I would imagine not forever.



posted on Aug, 29 2016 @ 08:24 PM
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a reply to: TorqueyThePig

Well walt disney has his frozen but even if they could revive it (which given the cellular damage and likely genetic fragmentation is unlikely to say the least) his corporate executer's and those today running his empire would never allow it.
Storing small genetic sample's is possible, even sperm can be frozen for a long period of time but not indefinitely and large tissue sample's have a number of problem's, cold caused ice crystal formation within the cell which disrupt's and destroy's the cell structure and cell wall's in human tissue.

In short not long, it is estimated that a decapitated person if they remain conscious can probably live for up to 30 second's, many head's of people murdered by the french in there revolution still had there eye's moving and even blinking after they had fallen into the basket, a rather unpleasant thought isn't it.



posted on Aug, 30 2016 @ 12:12 AM
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originally posted by: TDawg61
I don't believe this attempt will succeed but eventually it will.Then wouldn't this be a crude form of immortality?And within the 50 years the replacement may last,science will find a way to"Grow"bodies and and replace memories.Science fiction to science fact.
We may want to start discussing the implications and ethics regarding such world changing developments such as these.


Look at the 2045 avatar b initiative






edit on 14831America/ChicagoTue, 30 Aug 2016 00:14:24 -0500000000p3142 by interupt42 because: (no reason given)



posted on Aug, 30 2016 @ 12:30 AM
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a reply to: Jonjonj

My husband is a nurse, and he's taken care of a quad for the past three years...home health, his sole patient. His patient frequently wishes for death.

I've cared for a number of them in the past as well, and none of them have been able to ignore an itch or being overheated or too cold...quite the opposite. Quadriplegics have no sensation from the neck down. They are completely paralyzed. Paraplegics are not paralyzed above the waist, so they've still got some options...although it is by no means easier to live with.

Quads have a host of other issues, although I bring up the itch or discomfort because that is a frequent complaint from these patients. They usually have a tracheostomy, and are in constant danger of infection.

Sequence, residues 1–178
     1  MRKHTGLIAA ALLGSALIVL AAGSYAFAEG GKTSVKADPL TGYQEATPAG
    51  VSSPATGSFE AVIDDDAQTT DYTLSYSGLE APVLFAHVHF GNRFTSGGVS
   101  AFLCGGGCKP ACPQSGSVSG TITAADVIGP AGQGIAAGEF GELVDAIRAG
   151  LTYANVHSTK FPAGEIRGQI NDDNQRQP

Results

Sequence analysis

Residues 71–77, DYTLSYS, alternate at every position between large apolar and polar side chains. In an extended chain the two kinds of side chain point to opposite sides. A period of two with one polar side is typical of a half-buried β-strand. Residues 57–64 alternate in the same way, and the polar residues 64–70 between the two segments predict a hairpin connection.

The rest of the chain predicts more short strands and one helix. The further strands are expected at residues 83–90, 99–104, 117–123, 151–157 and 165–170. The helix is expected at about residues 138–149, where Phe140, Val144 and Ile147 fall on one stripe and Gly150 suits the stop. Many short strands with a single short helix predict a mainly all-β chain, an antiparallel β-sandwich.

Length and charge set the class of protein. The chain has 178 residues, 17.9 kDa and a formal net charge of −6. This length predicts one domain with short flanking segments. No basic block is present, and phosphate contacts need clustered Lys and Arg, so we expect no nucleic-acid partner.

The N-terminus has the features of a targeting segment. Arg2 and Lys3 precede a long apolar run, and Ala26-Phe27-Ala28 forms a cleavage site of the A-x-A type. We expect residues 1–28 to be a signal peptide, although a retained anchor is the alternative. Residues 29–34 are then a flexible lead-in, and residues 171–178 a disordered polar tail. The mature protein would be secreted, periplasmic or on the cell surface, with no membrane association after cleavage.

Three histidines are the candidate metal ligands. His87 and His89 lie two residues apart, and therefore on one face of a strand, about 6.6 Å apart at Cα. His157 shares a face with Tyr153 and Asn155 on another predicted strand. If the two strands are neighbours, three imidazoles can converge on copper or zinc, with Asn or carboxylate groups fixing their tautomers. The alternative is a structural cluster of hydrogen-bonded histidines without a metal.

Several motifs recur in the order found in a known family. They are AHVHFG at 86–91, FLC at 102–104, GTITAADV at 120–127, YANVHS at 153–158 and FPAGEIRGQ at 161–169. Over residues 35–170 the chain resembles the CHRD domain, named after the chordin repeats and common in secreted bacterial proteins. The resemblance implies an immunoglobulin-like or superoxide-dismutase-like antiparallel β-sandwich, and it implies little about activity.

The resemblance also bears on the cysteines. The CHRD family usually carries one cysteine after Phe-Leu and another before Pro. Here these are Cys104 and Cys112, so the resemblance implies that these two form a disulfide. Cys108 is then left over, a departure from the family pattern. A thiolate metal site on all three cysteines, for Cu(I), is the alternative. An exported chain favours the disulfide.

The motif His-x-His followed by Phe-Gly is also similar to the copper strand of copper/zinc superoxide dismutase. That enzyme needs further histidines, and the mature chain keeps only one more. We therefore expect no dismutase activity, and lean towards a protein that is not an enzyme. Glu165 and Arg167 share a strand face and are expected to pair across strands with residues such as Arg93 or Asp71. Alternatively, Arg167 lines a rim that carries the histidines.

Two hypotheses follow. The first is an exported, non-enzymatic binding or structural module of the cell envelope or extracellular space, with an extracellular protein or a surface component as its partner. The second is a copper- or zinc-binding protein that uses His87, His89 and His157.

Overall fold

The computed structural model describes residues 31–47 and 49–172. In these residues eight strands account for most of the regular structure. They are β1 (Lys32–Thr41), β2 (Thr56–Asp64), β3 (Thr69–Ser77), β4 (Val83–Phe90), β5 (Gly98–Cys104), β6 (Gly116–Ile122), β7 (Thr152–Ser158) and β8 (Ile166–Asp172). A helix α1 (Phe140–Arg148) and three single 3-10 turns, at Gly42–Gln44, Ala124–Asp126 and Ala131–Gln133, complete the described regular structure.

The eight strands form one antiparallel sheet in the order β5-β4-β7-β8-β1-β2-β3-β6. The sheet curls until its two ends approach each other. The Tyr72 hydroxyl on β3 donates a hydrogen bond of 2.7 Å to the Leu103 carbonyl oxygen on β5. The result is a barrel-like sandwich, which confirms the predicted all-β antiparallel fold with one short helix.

They've got pressure ulcers and skin infections from lack of circulation, kidney problems, respiratory issues, digestive issues, severe muscle wasting...and every one of those things can be fatal. They cannot breathe unassisted. They are unable to fight infection...one virulent infection can kill them in a matter of days.

It is appalling to think that the ability to reattach a spinal column and successfully fuse the cord might have existed all this time, and people are being left to suffer like these patients do. And if this outlandish tale is true, it would seem the medical technology does indeed exist. So why haven't they been taking care of all the people out there who need this technology?

I just do not understand how this could be viable, but if it is, a whole lot of deserving people are being done a grave injustice by medical science.

ETA: I should clarify when I say "no sensation", that I'm referring to the nerve response that stimulates movement. Many can still feel hot and cold, many have peripheral neuropathy, "phantom limb" pain, severe muscle spasms...they feel a lot, and are helpless to do anything about it.


edit on 313412America/ChicagoTue, 30 Aug 2016 00:34:32 -050031am31242America/Chicago by tigertatzen because: (no reason given)



posted on Aug, 30 2016 @ 12:33 AM
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a reply to: tigertatzen

I believe they have HAD the ability to cure a great many things ...but theres no cash in curing,and they couldn't care less at the CEO level.
Morals EAT money.
edit on 30-8-2016 by cavtrooper7 because: (no reason given)



posted on Aug, 30 2016 @ 12:36 AM
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a reply to: cavtrooper7

I would tend to agree with you on that. Knowing what I do about the medical field as a whole, I should not be surprised...but I still am. Appalled, really, more then shocked. And pissed off too.